Published May 24. 2014 5:46PM Updated May 25. 2014 12:12AM
New London — Families lined up at City Pier Saturday to step aboard the newly restored whaleship Charles W. Morgan, which was open to the public for the first time since it arrived in the Whaling City last week.
The visitors took pictures of one another standing at the helm and asked questions, it seemed, about every piece of wood, metal or fabric on board. They got a tiny taste of what it would feel like at sea aboard the world’s only surviving wooden whaling vessel as it rocked gently in the wake of a passing ferry.
Three generations of the Legg family of Niantic were among the first to walk the gangplank, and they went on twice because it was “so cool,” according to Jeff Legg, who was with his wife and three children and his parents.
Crew members, Mystic Seaport staff and volunteers, thrilled the 1841 whaler is on the move again after more than 70 years, were happy to explain how whale blubber was cut up and rendered into whale oil or how the ship’s knees, or braces, are constructed of live oak. They cheerfully helped people board the smaller boats like those the whaler’s crew used to approach and harpoon sperm whales and manned the on-shore exhibits. Over and over again, they uttered the phrase, “once in a lifetime.”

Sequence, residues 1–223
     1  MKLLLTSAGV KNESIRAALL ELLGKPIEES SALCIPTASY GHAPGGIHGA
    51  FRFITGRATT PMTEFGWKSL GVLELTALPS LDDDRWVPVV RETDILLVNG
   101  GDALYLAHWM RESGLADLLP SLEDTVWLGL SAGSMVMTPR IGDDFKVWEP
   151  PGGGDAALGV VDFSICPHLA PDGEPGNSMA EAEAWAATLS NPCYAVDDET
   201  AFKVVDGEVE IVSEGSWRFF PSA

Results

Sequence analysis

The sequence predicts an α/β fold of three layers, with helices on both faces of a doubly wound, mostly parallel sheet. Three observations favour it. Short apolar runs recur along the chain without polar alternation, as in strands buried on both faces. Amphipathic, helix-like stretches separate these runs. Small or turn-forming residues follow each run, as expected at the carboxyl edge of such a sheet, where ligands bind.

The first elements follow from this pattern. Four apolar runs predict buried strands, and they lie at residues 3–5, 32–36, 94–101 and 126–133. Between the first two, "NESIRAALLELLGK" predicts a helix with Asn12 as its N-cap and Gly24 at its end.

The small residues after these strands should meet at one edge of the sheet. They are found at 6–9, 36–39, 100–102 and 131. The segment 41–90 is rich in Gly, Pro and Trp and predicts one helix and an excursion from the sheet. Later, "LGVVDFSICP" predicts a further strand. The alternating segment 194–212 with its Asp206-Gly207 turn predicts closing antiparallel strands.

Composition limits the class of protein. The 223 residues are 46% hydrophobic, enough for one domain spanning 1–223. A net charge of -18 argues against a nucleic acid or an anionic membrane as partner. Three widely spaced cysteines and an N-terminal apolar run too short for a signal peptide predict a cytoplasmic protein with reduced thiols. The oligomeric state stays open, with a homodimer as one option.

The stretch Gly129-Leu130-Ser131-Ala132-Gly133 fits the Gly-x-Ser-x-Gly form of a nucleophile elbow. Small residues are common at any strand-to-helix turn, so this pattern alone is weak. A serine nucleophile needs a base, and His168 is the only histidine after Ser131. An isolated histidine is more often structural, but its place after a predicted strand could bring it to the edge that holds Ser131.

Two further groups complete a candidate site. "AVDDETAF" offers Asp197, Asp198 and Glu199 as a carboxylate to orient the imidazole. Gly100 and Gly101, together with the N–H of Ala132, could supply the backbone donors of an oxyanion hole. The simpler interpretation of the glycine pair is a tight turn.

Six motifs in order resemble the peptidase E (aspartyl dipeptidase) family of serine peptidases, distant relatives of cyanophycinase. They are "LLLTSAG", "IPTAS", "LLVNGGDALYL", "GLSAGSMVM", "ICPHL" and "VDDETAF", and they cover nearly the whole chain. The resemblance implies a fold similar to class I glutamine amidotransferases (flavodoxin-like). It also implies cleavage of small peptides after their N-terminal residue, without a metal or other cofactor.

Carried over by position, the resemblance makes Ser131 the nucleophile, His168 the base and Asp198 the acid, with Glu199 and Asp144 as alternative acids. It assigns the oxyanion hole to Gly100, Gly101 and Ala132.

“Some of us were on there this morning and we were ready to cry,” said Cathy Hingerty, a museum educator at Mystic Seaport. “Just to see it in all its glory was amazing.”
The ship has undergone a 5½-year restoration and will be fully outfitted while docked in New London. Sea trials are set to begin June 7 in Long Island Sound, and on June 14, the Morgan is scheduled to set out for a two-month tour of New England ports.
Audrey Manning of Buffalo, N.Y., a volunteer and experienced sailor, said she will be on board for part of the upcoming voyage and is “beyond excited.”
“I can’t wait to get my hands on the lines,” she said. “No one alive has ever sailed her. That’s what makes it so exciting.”
Volunteer Lester Palifka of Vernon sat below deck readying a piece of rigging — “whipping” it so it wouldn’t unravel, he said — and basking in the opportunity to be part of the ship’s living history. The 64-year-old mechanical engineer is so enamored of the Charles W. Morgan that he has two tattoos of her on his forearms and is building a model of her at home. Palifka said he first saw the Morgan in 1959, when he was 9 years old. At the point, he said, the ship was “a derelict.”
“I’ve watched her my whole life, through all her transformations,” he said. Over the past few years, he was amazed to watch shipwrights and other craftsmen restore the boat.
While the restorers worked hard to keep the ship authentic, Capt. Richard “Kip” Files said several modern features were added, including lighting and navigation equipment, modern bilge pumps and batteries and a diesel fueled generator.
“Every trip this vessel went out differently,” Files said. “From 1900 to 1916, there were huge changes. If they had a radio, they would have gone with one.”
In a century, he said, visitors might marvel that people once used fossil fuel.
The ship and dockside exhibition will be open again today, on May 31 and June 1.